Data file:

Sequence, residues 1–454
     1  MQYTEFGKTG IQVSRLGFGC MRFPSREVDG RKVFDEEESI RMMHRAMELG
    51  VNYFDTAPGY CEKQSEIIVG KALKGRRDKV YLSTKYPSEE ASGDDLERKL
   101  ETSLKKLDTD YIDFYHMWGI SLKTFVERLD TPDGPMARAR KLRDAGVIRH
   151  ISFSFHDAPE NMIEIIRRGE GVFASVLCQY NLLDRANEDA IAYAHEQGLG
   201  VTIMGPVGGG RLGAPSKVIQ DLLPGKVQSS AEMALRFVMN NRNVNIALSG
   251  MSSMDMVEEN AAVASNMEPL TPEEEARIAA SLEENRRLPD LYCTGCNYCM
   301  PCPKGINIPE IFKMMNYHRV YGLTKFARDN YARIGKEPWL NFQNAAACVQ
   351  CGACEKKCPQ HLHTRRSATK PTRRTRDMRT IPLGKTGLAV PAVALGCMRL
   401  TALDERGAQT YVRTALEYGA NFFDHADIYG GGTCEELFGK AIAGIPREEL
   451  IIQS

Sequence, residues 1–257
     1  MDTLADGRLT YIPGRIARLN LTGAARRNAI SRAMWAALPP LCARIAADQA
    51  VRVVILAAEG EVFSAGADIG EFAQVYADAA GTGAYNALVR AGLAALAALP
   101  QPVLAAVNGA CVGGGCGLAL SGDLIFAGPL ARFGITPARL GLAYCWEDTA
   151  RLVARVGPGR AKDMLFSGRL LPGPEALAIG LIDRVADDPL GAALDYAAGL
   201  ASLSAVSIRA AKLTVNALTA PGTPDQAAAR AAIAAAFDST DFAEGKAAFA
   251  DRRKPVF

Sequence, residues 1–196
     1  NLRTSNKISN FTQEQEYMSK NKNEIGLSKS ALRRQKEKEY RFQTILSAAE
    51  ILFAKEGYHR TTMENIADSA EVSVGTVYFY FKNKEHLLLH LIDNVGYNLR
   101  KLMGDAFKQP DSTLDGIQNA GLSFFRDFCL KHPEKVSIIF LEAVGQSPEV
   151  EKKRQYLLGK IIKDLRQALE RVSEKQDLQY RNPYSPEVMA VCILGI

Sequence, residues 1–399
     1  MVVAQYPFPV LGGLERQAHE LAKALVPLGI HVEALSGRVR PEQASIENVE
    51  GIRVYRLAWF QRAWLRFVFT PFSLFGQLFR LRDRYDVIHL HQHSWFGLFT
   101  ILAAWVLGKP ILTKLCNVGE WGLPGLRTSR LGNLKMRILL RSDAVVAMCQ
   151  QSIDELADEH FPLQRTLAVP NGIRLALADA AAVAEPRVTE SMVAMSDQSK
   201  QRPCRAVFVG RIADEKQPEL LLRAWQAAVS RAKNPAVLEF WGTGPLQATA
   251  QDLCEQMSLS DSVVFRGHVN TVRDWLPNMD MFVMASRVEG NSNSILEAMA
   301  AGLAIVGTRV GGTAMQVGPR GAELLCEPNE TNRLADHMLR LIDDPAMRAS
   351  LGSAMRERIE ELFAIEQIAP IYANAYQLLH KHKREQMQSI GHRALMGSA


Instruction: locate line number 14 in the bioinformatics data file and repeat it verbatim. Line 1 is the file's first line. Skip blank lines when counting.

    51  VRVVILAAEG EVFSAGADIG EFAQVYADAA GTGAYNALVR AGLAALAALP